Istanbul is a treasure trove of art and antiques. Whether you’re looking to score a pretty piece to send home or just want to do some window shopping, a stroll along cobblestone Tellalzade Sokak, in Moda, is in order. Dozens of antique shops line either side of the street and are brimming with everything from furniture and lamps to glassware and jewelry.
Located near Moda, Kadife Sokak is often referred to by locals as Barlar Sokak, or Bar Street, thanks to the number of restaurants, watering holes, and other nighttime hangouts that call it home. Whether you’re in the mood to sip a Turkish beer at a laid-back local favorite like Arka Oda, whip your hair to some hard rock tunes, or dance among stylish locals, you can do it all here.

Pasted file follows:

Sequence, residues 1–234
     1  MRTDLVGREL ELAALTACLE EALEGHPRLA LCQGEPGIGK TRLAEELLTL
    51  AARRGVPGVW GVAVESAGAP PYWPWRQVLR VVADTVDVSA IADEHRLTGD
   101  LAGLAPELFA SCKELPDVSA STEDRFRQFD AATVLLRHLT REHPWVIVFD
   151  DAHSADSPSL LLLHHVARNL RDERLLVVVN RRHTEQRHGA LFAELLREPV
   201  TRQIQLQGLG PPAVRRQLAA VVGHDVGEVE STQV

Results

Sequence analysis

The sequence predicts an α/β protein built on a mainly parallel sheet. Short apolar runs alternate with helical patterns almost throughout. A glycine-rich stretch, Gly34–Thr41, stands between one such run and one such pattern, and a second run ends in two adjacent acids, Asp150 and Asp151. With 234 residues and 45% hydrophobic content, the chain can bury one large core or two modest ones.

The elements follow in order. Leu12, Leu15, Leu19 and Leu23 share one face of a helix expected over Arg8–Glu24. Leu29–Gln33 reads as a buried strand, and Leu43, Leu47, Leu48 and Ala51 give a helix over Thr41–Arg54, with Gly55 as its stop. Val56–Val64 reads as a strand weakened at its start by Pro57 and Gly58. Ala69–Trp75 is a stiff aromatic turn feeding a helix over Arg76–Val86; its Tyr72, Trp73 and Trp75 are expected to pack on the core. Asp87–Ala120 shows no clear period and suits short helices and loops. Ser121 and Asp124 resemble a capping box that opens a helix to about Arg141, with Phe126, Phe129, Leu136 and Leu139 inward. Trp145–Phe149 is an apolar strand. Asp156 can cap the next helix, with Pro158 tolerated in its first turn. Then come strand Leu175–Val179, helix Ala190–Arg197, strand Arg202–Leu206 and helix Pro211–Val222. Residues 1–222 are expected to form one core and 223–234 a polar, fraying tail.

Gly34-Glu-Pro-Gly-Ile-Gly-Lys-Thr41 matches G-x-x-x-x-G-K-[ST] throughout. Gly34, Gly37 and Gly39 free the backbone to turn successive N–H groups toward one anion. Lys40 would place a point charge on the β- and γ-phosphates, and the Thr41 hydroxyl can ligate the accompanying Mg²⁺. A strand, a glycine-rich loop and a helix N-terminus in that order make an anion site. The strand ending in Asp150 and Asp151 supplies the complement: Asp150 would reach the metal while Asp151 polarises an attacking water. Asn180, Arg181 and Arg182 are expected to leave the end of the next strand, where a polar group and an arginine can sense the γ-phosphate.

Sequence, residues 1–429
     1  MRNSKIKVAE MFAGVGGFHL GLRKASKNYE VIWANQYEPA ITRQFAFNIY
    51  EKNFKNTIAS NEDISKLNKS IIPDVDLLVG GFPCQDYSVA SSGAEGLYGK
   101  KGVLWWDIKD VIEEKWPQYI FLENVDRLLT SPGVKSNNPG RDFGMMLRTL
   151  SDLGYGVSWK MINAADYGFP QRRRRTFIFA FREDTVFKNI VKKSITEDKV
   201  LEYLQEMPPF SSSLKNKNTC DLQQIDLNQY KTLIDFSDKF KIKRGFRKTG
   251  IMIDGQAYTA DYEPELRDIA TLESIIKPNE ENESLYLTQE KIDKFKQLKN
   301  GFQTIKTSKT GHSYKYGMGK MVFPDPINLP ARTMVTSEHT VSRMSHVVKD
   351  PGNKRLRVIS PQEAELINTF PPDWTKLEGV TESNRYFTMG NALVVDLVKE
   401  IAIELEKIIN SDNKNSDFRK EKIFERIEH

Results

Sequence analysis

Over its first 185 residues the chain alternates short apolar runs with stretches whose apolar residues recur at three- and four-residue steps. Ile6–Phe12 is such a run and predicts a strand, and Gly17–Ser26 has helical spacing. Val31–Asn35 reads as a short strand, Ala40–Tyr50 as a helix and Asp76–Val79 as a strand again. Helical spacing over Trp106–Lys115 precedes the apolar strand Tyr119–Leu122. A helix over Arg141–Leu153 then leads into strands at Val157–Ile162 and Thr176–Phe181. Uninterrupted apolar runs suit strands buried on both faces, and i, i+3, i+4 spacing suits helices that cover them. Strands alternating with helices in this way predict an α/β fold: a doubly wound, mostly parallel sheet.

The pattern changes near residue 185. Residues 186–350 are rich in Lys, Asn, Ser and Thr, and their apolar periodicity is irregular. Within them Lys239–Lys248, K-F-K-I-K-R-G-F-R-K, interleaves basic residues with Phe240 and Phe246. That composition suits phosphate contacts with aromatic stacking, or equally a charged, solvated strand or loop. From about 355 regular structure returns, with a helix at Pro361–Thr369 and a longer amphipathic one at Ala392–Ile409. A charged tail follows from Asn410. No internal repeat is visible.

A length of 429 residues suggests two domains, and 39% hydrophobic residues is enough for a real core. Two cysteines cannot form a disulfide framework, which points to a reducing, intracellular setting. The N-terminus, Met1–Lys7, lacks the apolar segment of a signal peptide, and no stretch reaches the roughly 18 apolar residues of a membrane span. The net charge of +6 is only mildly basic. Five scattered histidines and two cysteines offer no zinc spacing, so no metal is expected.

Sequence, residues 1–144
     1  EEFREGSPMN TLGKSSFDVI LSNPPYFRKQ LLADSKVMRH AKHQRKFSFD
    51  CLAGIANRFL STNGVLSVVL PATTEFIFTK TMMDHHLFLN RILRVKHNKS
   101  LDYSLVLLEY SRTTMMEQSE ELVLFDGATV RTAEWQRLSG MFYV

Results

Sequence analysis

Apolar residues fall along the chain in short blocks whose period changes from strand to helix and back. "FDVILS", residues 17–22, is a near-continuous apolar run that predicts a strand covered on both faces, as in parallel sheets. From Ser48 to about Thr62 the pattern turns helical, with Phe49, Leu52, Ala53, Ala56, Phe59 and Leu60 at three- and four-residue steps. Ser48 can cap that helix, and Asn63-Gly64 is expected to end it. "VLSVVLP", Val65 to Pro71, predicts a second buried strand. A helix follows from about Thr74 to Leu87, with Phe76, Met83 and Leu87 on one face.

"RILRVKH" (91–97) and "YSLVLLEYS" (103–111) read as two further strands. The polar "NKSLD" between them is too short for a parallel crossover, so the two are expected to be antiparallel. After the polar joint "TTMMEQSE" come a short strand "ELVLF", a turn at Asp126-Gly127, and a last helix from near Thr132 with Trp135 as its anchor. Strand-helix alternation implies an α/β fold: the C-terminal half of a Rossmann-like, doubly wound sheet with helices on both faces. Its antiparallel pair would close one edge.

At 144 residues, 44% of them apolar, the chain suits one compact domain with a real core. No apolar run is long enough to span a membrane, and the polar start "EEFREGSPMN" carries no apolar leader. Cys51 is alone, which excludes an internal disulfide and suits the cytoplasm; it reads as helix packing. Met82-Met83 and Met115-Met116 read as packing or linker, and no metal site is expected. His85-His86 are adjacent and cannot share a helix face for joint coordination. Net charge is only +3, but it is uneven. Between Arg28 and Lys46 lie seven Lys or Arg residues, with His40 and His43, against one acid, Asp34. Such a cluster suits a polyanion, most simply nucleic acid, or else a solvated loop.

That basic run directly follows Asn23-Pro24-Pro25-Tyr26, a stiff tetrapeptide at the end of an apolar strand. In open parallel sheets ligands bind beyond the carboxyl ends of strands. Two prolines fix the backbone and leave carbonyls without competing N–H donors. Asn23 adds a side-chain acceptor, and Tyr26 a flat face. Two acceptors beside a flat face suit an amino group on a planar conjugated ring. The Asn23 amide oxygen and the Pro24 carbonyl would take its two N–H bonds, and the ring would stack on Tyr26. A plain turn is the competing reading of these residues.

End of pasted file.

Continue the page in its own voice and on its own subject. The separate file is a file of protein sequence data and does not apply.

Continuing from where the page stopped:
After a late night out, Go Ahead staffer and Istanbul native Ozi suggests heading to Kizilkayalar in Taksim Square for a legendary wet burger—the Turks’ garlicky, buttery answer to the American diner burger. “You won’t believe how a food that looks that soggy could taste that good!” she said. “I ate four the first time, I am sure. No one ever eats just one wet burger and is done.”
Discover even more can’t-miss experiences in our Bucket List Guide to Turkey.
When you think of Turkish drinks, coffee, tea, and raki probably come to mind. But it turns out, the country produces some delicious wines that are more than worth exploring. For a crash course—and a glass or two on a plant-strewn garden patio—head to Viktor Levi Moda, a beloved spot in Kadiköy’s Moda neighborhood.
There, order a bottle of Okuzgozu, Narince, or Kalecik Karasi (and an array of internationally inspired dishes to pair with it) and say “şerefe,” or cheers, to two fun-filled days in this vibrant city on the banks of the glittering Bosphorus.